Tuesday, 3 May 2011

Harry Bingham's Guide to Getting Published

I've seen Harry present a couple of times at the York Writer's Festival, and he has an impressive handle on the whole publishing industry. So I bought his book. I was surprised that its full title was The Writers' and Artists' Yearbook Guide to Getting Published, because the Writers' and Artists' Yearbook is the prestigious resource (UK) authors are meant to have at their disposal when they are searching for agents, publishers, or magazines to publish in. Even though it's the same publisher (A&C Black), it seemed a bit presumptuous.

It isn't. It's shot up to number two in my 'must-have' list of books as an author, and number one by a long way on how the industry works. Whereas the Writers' and Artists' Yearbook tells you where to find agents and publishers, that is rarely enough. It's the 'what and where', but little on the 'why and the how', and Harry's book also excels in the 'what to do and what not to do'

But above all it explains a lot about the industry, why it is the way it is - it unravels the plot and the characters that make up this strange and sometimes unpenetrable (and occasionally annoying) world to many would-be or existing authors.

In brief, it has seven main chapters:

1. Getting ready (the reader's motivations, expectations, readiness for publication)
2. Planet Agent (who and why they are, how to approach them, what pisses them off)
3. How the book trade works (the market forces, why it is like it is, and how it got to be that way, including some bad decisions along the way)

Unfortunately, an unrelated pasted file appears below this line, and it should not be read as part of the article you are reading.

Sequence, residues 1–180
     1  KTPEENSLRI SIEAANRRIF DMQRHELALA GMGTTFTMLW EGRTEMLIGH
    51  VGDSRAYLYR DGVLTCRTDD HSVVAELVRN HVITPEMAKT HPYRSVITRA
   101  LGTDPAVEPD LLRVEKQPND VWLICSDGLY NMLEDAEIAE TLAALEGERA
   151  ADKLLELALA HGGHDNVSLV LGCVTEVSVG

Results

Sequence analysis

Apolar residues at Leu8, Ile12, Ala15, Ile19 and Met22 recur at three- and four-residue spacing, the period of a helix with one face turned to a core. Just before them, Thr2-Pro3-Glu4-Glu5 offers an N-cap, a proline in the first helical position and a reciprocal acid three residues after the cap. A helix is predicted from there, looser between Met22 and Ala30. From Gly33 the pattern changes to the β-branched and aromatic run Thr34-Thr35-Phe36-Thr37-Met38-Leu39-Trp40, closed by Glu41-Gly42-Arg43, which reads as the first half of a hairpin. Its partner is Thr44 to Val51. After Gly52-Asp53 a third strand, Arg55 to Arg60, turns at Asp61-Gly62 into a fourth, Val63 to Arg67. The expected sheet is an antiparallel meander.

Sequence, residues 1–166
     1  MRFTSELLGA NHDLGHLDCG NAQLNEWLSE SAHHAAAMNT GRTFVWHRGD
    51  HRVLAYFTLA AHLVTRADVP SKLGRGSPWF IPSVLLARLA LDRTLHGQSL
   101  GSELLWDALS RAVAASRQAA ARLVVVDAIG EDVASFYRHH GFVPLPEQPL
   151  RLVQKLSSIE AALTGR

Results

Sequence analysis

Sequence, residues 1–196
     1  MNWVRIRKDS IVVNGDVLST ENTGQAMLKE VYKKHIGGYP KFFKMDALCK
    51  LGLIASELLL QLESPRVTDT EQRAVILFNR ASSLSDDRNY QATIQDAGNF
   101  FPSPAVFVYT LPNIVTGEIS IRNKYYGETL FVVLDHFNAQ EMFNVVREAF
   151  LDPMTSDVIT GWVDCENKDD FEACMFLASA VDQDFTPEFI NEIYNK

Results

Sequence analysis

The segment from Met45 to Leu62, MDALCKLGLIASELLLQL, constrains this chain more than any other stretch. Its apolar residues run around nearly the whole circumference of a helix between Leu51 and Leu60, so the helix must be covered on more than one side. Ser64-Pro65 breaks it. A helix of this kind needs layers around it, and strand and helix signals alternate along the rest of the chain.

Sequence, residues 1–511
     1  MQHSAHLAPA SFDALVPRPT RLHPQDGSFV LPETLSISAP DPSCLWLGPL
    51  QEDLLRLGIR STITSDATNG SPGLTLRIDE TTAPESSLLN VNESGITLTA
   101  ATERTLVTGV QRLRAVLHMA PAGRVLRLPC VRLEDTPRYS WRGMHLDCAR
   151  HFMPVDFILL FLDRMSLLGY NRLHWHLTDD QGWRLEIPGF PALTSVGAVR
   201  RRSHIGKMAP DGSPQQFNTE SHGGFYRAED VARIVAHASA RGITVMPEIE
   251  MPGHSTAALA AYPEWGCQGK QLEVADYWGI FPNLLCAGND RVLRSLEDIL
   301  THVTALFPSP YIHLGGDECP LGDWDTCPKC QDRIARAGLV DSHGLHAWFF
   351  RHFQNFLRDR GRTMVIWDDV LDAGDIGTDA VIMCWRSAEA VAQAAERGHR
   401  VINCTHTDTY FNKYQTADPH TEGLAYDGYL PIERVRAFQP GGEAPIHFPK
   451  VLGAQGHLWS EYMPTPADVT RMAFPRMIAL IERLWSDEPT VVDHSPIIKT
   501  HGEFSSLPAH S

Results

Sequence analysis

4. Getting your book deal (offers, auctions, royalties, retail prices unpacked, and the contract)
5. Towards production (how to work with publishers, time-frames, what you can insist on, what you can't, and some bad news about cover design)
6. Publication (marketing, publicity, launching your novel)
7. Life after publication (small publishers, self-publishing - sharks and reasonable half-way houses, getting on with the second book).

For me the best were 3, 4 and 7, but each author will find something useful and of interest here.

The book is peppered with vignettes from authors, agents, publishers, and bloggers which bring a lot of colour and three dimensions to the book. It tells it as it is, and gives as much (if not more) space to the less-ambitious authors as to the big names.

My only hope is that in a few years, when the ebook market has stabilized a little more, Harry will bring out a second edition.

Book: Harry Bingham, The Writers and Artists' Yearbook Guide to Getting Published, A&C Black, London, 2010, ISBN 978 1 408 12895 4

[For a more light-hearted look at pitfalls in the industry, see 'Writerholics Anonymous' under 'Stories' on this website]

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